Purim is the most joyous holiday on the Jewish calendar. It is a holiday of victory of freedom and goodness over evil. Purim is celebrated in remembrance of the salvation of the Jewish people from complete extermination during the last years of Babylonian captivity (539-331 BC).
The story described in the book of Esther happened in a town called Shushan; later to be called Persia, now modern-day Iran. Its main heroes are Queen Esther, her cousin Mordecai and then the cruel and corrupt Haman who was the most trusted dignitary of the Persian King Xerxes.
The story tells us about Haman who got angry with a Jew (Mordecai) whom he felt did not show him proper respect. So Haman decided to take revenge on Mordecai. However, he considered it beneath his dignity to take revenge only on Mordecai which is why he developed a plan to exterminate ALL Jews at once.
The holiday got its name from the word “pur” (lots) because superstitious Haman cast lots in order to determine the best date to exterminate the Jewish people.
To carry out his anti-Semitic actions, Haman won the support of King Xerxes promising him great wealth. Haman adduces arguments to the “persuasive” speech to the king. The anti-Semites use these arguments even today. Haman said, “There are a certain people dispersed among the peoples in all the provinces of your kingdom who keep themselves separate. Their customs are different from those of all other people, and they do not obey the king’s laws; it is not in the king’s best interest to tolerate them." (Esther 3: 8). The king agreed with the plan of his dignitary. However, neither of them knew that Queen Esther, the favorite wife of Xerxes, was Jewish.
Although the king’s decree was kept secret, the Jewish people found out about it. Mordecai asked Esther to go to the king to plead for mercy for her people. Queen Esther was afraid to appear before the king without invitation knowing it might cost her life. But, Mordecai insisted, “Do not think that because you are in the king’s house you alone of all the Jews will escape. For if you remain silent at this time, relief and deliverance for the Jews will arise from another place, but you and your father’s family will perish. And who knows but that you have come to your royal position for such a time as this?” (Esther 4:13-14). Mordecai was certain that everything that was happening with the Jews was under God’s control.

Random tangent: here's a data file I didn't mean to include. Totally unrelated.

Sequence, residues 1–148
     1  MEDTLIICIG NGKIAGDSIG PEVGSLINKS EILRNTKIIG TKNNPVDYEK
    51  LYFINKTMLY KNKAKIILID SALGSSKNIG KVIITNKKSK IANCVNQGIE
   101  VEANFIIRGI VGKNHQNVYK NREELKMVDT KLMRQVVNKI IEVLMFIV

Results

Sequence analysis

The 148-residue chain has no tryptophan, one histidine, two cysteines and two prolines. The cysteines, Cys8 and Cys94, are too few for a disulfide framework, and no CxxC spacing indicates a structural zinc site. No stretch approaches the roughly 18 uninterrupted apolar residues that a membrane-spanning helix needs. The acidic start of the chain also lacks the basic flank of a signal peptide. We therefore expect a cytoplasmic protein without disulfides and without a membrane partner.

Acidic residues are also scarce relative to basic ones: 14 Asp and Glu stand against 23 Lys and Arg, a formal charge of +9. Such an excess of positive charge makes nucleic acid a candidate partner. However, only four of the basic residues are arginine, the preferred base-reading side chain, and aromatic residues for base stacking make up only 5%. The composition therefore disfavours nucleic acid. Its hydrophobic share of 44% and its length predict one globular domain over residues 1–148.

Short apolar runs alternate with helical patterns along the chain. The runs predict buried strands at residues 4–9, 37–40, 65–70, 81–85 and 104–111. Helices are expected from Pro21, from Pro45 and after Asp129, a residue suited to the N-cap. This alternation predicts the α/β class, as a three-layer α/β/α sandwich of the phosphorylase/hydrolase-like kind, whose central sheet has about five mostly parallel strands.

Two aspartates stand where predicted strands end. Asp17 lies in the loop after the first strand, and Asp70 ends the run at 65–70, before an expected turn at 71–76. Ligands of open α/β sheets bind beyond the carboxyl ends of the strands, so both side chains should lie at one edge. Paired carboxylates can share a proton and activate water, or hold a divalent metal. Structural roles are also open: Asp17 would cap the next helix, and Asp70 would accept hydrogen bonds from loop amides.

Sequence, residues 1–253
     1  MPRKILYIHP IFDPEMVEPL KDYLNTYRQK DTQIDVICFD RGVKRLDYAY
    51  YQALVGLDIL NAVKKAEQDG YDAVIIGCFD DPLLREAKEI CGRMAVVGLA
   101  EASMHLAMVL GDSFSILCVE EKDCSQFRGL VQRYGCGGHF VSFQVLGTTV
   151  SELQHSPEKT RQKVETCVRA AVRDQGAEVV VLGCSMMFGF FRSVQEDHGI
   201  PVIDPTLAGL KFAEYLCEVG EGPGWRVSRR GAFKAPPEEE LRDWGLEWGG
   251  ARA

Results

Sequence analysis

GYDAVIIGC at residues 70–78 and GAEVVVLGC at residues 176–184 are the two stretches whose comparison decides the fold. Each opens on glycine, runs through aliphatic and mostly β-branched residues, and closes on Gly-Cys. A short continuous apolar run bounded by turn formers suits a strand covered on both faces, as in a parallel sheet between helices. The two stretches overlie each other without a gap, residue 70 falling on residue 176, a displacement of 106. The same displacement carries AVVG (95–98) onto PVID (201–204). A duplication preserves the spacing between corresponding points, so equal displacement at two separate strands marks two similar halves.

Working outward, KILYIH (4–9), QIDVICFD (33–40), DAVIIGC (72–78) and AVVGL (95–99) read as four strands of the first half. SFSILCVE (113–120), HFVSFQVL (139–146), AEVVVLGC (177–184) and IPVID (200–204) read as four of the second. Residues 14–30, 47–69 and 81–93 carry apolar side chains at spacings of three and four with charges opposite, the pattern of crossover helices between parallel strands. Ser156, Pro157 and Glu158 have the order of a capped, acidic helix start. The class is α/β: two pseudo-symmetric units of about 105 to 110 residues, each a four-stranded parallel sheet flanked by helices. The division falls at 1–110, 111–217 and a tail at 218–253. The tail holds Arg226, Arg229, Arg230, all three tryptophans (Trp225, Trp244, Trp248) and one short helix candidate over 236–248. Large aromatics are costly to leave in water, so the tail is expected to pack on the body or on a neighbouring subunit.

To pave the way for the miracle’s manifestation, the nation of Israel cried out to the Lord in fasting, weeping and prayer. After 3 days of fasting, and at the risk of her own life, Esther went to the king who accepted her. She told her husband about Haman’s plot and begged him to be merciful with her people. The Jewish people were saved. Haman was punished according to the "an eye for an eye" principle. Haman was hanged upon the very pile he had prepared for Mordecai and Mordecai in turn was appointed with Haman’s position.So, Haman became a symbol of Jews haters, leaving Egyptian pharaoh (from the time of Exodus) behind him and in anticipation of Hitler and Stalin. Russian speaking Jews always remember that the “Haman of the XX century”, Joseph Stalin, died specifically on Purim, not allowing him to finish a massive execution of Jewish doctors that was planned for the next day. So, is it a wonder we have not forgotten this seemingly minor story account for more than 2,500 years? Things that might seem to be a random collection of coincidental circumstances surely testify about supernatural interference of the almighty God.
We celebrate Purim as the most cheerful of holidays which revives assurance in us that our great God is with us! On Purim day, we remind ourselves once again that God is faithful to the promises He gave to the nation He chose. Purim’s triumph shows us the power of life of the Jewish people. The manifestation of this triumph is revealed before the eyes of all of Haman’s heirs; all those who would like to continue doing his dirty work. The enemy’s forces will never conquer God’s chosen people. This fact brings us courage and joy.
Purim is a day of Victory! It is a triumph of justice and God’s love!
Without the intercession of our Almighty God, we would have already been wiped off the face of the earth. However, we’re alive! We are here! We rejoice! We praise God and are proud of our Mordecais and Esthers!
Despite the fact that the Book of Esther has a happy ending, we consider the validity of the Jewish proverb, “So many Hamans, and only one Purim."
Haman's ears are considered to be a traditional dish enjoyed by many today each Purim.